Come learn about the Americans with Disabilities Act and what is required of employees and employers navigating the interactive process. This virtual CLE is geared towards new attorneys and will provide practical skills for requesting and responding to requests for reasonable accommodations, engaging in the interactive process, and providing reasonable accommodations to employees with disabilities. Bring your questions and ideas for what promises to be an informative, practical, and thought-provoking CLE!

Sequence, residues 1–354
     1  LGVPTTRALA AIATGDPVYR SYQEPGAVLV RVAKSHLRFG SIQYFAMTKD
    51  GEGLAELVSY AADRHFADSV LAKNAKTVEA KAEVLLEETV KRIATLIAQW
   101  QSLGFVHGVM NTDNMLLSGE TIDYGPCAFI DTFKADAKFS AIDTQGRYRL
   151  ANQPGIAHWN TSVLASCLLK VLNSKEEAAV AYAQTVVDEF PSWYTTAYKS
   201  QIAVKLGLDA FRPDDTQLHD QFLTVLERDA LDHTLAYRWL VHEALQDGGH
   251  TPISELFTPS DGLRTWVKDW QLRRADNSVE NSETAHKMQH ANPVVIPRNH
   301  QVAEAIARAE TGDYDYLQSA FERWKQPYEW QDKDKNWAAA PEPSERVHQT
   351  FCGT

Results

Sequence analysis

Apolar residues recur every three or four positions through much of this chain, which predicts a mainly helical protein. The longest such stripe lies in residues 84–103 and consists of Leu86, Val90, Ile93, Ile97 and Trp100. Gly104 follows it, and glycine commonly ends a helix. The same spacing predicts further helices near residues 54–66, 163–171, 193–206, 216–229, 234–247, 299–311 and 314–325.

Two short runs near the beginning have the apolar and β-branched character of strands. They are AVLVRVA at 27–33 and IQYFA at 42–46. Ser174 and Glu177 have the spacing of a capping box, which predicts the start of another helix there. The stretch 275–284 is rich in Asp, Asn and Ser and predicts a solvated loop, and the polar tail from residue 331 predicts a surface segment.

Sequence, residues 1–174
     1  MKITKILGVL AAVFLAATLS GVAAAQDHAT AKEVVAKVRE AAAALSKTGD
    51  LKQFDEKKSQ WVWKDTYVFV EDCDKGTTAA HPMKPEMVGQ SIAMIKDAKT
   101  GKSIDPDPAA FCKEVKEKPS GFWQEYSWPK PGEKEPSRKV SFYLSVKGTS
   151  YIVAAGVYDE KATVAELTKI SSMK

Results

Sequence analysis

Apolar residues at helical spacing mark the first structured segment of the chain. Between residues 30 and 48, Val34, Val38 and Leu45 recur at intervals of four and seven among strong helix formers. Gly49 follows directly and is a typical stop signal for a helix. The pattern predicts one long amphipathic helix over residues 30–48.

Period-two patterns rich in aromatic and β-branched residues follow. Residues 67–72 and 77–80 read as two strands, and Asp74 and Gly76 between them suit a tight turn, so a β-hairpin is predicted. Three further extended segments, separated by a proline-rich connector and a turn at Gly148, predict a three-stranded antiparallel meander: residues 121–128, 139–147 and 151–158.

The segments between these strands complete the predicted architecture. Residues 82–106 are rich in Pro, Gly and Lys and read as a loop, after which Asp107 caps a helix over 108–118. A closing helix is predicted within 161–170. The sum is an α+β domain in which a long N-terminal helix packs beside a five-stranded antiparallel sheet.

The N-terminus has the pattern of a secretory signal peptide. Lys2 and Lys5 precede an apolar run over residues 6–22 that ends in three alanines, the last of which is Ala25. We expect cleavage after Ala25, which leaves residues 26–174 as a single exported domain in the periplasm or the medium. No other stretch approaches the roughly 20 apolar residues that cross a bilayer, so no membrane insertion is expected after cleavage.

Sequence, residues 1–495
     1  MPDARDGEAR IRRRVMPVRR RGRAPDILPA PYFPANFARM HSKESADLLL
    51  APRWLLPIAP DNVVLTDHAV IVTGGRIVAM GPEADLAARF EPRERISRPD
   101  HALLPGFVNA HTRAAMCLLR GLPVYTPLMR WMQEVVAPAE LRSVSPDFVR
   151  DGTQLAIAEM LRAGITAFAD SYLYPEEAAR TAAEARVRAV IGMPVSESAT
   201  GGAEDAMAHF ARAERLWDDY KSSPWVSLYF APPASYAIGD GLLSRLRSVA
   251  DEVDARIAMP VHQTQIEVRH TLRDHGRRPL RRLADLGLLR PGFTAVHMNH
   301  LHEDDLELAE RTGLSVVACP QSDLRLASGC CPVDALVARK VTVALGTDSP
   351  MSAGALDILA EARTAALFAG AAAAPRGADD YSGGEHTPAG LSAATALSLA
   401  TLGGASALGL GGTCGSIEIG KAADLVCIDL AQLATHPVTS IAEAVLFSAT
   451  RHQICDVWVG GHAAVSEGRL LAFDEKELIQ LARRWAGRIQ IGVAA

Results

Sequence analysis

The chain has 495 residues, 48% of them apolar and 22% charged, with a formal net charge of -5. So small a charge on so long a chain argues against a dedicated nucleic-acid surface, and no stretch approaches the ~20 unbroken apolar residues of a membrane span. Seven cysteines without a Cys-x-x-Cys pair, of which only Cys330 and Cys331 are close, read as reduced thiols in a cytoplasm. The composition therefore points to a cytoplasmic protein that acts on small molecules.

$0 Law Students (enter coupon code SLEB22LS to receive complimentary registration)

$25 New Lawyers admitted after 1/1/17

$25 Labor & Employment Section Members (no discount code necessary, the system will recognize your section membership status when you are logged in)

$35 Regular Registration

Click here to register.

9th Cir. case re: 2017 Social Security medical opinion regulations

The panel affirmed the district court’s decision which affirmed the Commissioner of Social Security’s denial of claimant’s application for benefits under the Social Security Act.